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T&C 2020: Prioritizing Growth: A Proven Formula For Ranking & Prioritizing The Ideas That Will Grow Your Business (And Eliminate The Ones That Won’t)

by Christina Hooper.
Last Updated on May 8, 2022

This article is part of a series breaking down the top takeaways from the key speakers at T&C 2020.

What Was This Session All About?

At the end of the T&C Summit 2020, there are tons of ideas for attendees to take back to their business. But the problem is there are just too many of them. 

With that in mind, Richard Lindner and Ryan Deiss took some time to break down a process for the attendees to help them implement the best ideas. They taught us about their strategies for filtering ideas and getting the most out of them.

So, if you attended T&C or just wanted to figure out how to decide what ideas to implement to your business, check out what they had to say.

Who is Richard Lindner?

Who is Ryan Deiss?

What We Learned

This session will help you apply the information from all the other sessions and implement what you’ve learned to get your business growing. 

Failure (or the lack of growth) isn’t caused by bad ideas. Failure happens when you try to implement too many good ideas. That’s what the T&C Summit gives, and likely, if you took dozens of pages of notes, you wouldn’tThen, they go back through them. 

This is the ultimate implementation insurance. If you lead teams, and you bring them a sizeable To-Do list from the sessions, they’re not going to know what you heard when an idea inspired you. So, buy the recordings and show them to your teams. 

Shiny Object Syndrome Is what everyone is infected with after attending an event like the T&C Summit. 

“Capital isn’t that important in business. Experience isn’t that important. You can get both of these things. What is important is ideas.” -Harvey S. Firestone, Founder, Firestone Tire and Rubber Company. 

One of two things happen to all ideas, good or bad: They’re implemented, or they die. Most of the time, they die. 

You need an objective process for sorting the ideas so the good ones rise to the top and the “not so good” ones get cataloged for later. 

Step 1: Focus on Impact

Four Growth Levers


Ideas focus on driving and awareness and generating more leads. You get traffic and followers.


Ideas focused on turning leads into customers or further qualifying the leads. You need to do this when people are following but not buying. 


Ideas focused on expanding revenue from existing customers through upsells and repeat processes. People are buying. 


Ideas focus on increasing consumption and reducing refunds and churn. As a result, people stick around, and they’re happy with your products. 

Question: Which one of these four levers will have the most significant impact on your business today? All of them. There are several strategies in each of these levers.

Step 2: Growth Ideas (By Lever) 

Take a look at the Double Your Sales Action Planner. Create a column for each lever, and start plotting ideas in each category. Post-It notes are helpful for these charts. As a result, you or scrap paper. You can also make a Truello board if you have an account.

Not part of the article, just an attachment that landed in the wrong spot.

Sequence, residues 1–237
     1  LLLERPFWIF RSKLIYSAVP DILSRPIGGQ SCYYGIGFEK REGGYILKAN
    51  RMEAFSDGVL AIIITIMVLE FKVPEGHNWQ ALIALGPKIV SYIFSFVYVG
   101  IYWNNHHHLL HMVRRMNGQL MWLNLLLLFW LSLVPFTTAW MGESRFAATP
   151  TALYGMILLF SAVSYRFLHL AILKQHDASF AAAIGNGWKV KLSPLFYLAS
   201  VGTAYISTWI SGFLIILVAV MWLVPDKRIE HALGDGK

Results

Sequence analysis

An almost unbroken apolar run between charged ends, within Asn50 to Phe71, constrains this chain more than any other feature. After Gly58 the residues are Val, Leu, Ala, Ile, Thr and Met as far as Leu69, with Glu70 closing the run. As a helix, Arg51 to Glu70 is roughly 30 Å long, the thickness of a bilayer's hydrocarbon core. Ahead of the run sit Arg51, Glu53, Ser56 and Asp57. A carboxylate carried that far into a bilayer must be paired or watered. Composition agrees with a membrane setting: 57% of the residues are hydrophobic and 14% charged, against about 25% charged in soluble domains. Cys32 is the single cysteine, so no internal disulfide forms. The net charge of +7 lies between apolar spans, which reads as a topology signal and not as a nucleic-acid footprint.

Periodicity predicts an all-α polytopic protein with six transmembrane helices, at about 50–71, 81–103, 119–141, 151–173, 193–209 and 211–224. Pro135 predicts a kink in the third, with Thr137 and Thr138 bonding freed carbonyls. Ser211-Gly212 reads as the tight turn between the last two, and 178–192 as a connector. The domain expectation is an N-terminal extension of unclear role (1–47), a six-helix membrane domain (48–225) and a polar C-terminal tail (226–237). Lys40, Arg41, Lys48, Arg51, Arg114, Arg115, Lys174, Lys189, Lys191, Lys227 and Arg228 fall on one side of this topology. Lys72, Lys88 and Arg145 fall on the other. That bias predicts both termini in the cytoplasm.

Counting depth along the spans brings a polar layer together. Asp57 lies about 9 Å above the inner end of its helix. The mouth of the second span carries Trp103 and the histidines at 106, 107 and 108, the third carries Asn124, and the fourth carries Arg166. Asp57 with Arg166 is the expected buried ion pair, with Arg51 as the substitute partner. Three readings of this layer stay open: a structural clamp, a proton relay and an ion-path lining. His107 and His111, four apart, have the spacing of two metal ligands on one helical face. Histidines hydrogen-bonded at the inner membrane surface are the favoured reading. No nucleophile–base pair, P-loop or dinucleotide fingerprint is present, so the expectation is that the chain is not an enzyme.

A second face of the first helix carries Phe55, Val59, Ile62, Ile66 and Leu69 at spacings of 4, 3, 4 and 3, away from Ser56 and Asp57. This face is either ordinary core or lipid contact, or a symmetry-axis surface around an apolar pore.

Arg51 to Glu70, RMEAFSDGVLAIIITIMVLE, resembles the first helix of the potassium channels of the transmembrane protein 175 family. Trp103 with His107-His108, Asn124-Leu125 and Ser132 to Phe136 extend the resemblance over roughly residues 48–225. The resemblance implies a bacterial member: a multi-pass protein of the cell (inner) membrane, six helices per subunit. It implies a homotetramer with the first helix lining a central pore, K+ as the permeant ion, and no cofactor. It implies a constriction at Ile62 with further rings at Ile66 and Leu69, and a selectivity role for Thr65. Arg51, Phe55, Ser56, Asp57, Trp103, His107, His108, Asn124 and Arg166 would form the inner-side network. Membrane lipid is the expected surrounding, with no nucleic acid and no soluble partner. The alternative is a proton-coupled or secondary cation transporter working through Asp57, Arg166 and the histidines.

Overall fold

Whatever you’re using, put a star by each idea that would help your business the most. 

Step 3: Narrows Ideas to 3-4 Per Lever

Don’t just do this for one category, even if you think that one category is most important. If you don’t do it for all four types, you’re going to miss something valuable. 

You’re not saying “never” to the ideas you’re eliminating; you’re simply saying, “Not now.” 

Step 4: Score Your Growth Ideas

ICE Method

  • Impact: What’s the impact it will have on your business? 
  • Confidence: What’s your confidence with the idea? Make sure there’s a reason for it.
  • Ease: The easier it is, the higher the number. (Scale 1-10)

You score all three of them. Get the total, and divide them by three, and there’s your number. 

Think about each of these carefully. Think about what you want to do and what you don’t want to do. 

Step 5: Filter and Prioritize Growth Ideas

Scoring your ideas is the initial filtration process. 

Big 3 Planning Canvas

Why We Do This

  •  Align everyone to the same goals and objectives. 
  • Identify key, critical metrics that actions must impact during this period
  • Identify three core projects that your company must complete to impact both the key metrics and company goals. 

Creating Your Plan For Growth

Step 1: Time Period: Plan in 90-day sprints.

Step 2: Goal/Theme: This should be driven by what you need most. Make it something that you can put on a T-shirt. 

Step 3: Needle Movers: What 3-4 metrics do we most need to impact to reach that goal? 

Step 4: Big 3 Projects: What are the “Big 3” projects that your company must complete to bridge the gaps? (It’s ok to have less than 3) 

What’s the best thing that can happen and the worst? This question is essential, especially if you have a team because some people will think the best result is much bigger than everyone else. Get those extremes out of the way, and discuss them as a team. Get rid of assumptions. 

Reality Check Questions

  • Can the project be completed by the due date?
  • Does the due date allow enough time in the period for the project to impact the Key Metrics? Make sure you’re aware of what time period it’s going to impact. 
  • Who is responsible for each project, and do they have the bandwidth to take this along with their regular duties? 

The Secret to Predictable Growth: Repeat this process every 90 days. 

Call to Action

At DigitalMarketer, they offer a class to help you through these processes. Check digitalmarketer.com/growth to see if enrollment is currently open. 

What Do You Think?

If you watched this presentation or are familiar with Richard or Ryan’s work, I want to know what you think. Leave a comment or tell a story below.

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